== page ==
A Time-Dependent Electrodiffusion-Convection Model for Charged Macromolecule Transport Across the Microvessel Wall and in the Interstitial Space

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The extravascular matrix carries negative charge due to its glycosaminoglycans (GAGs) composition. Previous experiments have demonstrated that the negative charge affects transvascular passage and interstitial accumulation of charged molecules in both normal and pathological tissues. In the present study, we thereby developed an electrodiffusion-convection model to investigate the mechanisms by which the negatively charged tissue matrix regulates the interstitial transport of charged macromolecules. Our model predictions demonstrated that the tissue diffusion coefficient of negatively charged albumin (net charge = −19) in rat mesentery is comparable to that of neutral dextran with equivalent hydrodynamic radius. The discrepancy in their interstitial concentration profiles observed by Fox and Wayland (Microvasc. Res. 18:255–276, 1979) can be explained by the charge effect, specifically, by the electrical partition at the interface between the non-charged space at the vessel wall exit and the charged tissue space, instead of by different tissue diffusion coefficients that Fox and Wayland postulated. This charge effect induces equivalent to approximately two-fold difference in tissue diffusion coefficients of charged albumin and neutral dextran with the same free diffusion coefficients. Furthermore, our results indicate that increased filtration by increased microvessel permeability greatly enhances the accumulation of positively charged macromolecules in the interstitial space but not that of negatively charged ones.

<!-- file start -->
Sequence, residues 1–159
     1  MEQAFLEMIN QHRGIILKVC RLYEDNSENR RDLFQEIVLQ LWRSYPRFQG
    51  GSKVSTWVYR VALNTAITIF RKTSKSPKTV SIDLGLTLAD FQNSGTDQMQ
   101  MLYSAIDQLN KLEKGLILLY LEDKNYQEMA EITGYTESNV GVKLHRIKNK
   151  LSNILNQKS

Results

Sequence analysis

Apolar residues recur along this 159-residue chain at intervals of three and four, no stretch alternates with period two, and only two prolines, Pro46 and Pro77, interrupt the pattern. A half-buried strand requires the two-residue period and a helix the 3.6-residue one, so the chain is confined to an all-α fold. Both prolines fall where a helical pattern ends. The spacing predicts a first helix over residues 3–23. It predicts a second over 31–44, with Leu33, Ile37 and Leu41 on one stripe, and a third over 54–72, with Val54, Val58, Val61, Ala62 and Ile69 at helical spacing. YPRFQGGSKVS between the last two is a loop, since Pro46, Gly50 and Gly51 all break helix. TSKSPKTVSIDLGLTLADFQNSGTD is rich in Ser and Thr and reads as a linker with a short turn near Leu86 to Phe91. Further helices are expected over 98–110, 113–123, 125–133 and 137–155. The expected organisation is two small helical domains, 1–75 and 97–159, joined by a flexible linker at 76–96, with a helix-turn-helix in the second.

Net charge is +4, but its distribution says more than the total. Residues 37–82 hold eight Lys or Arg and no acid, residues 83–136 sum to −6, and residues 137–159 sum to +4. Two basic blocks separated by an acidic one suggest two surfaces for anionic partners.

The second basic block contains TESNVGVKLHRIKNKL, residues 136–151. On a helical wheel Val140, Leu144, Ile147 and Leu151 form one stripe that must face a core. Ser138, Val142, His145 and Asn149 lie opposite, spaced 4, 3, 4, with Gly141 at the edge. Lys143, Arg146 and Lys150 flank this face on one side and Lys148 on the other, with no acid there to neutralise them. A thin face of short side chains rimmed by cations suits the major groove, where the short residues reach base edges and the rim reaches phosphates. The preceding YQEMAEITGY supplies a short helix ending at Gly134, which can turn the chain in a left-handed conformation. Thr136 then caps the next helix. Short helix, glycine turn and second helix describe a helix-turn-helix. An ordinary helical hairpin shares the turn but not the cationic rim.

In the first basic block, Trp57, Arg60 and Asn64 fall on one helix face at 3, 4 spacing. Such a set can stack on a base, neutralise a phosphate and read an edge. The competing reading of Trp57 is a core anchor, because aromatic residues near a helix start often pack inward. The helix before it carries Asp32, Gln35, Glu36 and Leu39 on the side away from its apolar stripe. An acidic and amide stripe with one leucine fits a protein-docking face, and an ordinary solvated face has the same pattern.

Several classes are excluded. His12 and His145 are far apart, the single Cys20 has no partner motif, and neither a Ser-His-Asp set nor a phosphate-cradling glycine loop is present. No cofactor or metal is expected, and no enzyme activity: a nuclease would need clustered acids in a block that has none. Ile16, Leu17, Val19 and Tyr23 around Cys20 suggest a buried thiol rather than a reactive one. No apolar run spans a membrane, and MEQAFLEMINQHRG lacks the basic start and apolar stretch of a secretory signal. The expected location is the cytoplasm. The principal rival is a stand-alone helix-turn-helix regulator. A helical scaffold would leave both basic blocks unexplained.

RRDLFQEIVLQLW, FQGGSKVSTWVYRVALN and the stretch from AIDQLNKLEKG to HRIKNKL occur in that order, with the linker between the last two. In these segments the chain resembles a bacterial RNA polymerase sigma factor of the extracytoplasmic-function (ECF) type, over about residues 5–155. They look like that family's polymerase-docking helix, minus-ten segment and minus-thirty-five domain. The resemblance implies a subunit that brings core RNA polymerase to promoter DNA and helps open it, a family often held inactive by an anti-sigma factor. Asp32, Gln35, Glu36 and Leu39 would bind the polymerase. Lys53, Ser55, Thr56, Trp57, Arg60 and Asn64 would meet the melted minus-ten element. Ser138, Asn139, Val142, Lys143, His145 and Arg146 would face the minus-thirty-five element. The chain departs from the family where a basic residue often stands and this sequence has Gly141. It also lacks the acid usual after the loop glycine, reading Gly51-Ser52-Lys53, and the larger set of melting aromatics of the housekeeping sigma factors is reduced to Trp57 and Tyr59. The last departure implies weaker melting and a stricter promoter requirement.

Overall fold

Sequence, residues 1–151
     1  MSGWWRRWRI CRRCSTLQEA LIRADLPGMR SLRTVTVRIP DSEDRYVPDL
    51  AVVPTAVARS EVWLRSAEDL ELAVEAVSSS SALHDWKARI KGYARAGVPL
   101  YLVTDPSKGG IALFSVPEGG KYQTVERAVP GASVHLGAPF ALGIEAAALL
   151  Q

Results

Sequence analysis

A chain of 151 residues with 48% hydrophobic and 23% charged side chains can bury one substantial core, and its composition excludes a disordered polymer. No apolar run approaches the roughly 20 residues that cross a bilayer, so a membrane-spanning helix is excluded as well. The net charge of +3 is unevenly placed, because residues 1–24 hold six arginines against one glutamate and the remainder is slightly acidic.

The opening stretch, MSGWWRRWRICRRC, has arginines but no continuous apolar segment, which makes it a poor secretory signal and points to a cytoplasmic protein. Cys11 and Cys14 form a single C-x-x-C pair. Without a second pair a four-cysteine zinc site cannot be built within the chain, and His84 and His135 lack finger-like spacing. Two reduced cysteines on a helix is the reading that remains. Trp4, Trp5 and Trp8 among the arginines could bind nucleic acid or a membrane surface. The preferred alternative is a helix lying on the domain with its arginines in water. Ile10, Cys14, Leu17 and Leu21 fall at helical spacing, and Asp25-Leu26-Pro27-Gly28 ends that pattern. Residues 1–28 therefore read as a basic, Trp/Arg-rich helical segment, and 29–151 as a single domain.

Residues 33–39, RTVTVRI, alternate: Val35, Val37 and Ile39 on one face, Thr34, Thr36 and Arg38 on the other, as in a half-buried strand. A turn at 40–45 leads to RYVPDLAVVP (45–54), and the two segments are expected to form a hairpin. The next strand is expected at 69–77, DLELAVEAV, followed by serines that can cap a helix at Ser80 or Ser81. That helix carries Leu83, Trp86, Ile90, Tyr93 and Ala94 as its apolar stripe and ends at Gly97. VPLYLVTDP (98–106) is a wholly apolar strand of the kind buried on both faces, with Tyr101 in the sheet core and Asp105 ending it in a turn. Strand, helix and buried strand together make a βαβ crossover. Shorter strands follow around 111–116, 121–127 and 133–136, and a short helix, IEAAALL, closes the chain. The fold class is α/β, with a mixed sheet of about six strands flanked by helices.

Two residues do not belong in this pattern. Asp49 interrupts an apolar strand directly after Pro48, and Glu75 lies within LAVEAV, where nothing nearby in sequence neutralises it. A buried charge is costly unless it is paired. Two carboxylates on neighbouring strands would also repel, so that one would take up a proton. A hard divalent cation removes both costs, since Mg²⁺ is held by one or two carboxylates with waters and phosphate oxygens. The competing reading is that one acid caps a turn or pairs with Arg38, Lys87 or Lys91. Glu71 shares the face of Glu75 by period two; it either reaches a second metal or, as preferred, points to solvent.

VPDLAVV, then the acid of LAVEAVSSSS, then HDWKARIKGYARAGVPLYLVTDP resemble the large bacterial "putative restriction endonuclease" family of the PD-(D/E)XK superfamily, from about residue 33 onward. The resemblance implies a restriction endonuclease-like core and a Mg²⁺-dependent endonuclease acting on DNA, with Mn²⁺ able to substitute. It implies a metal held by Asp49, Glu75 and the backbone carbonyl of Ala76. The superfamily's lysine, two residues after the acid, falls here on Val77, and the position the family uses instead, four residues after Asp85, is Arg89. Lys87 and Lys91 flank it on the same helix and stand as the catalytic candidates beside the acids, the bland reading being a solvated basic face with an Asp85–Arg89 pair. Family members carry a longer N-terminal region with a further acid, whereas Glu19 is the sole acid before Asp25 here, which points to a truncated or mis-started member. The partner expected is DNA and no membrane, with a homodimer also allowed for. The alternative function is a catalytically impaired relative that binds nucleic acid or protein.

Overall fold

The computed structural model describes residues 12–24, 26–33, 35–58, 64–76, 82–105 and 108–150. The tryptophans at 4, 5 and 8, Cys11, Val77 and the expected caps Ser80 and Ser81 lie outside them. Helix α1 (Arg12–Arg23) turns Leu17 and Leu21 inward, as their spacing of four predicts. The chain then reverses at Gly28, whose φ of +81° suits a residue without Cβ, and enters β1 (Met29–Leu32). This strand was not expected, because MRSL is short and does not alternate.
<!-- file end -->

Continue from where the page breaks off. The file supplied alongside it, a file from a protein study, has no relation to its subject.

Electric charge and distribution; Electrodiffusion; Glycosaminoglycans; Macromolecules; Tissues – Electric properties; Tumors


Bioelectrical and Neuroengineering | Biomedical Engineering and Bioengineering | Engineering | Mechanical Engineering


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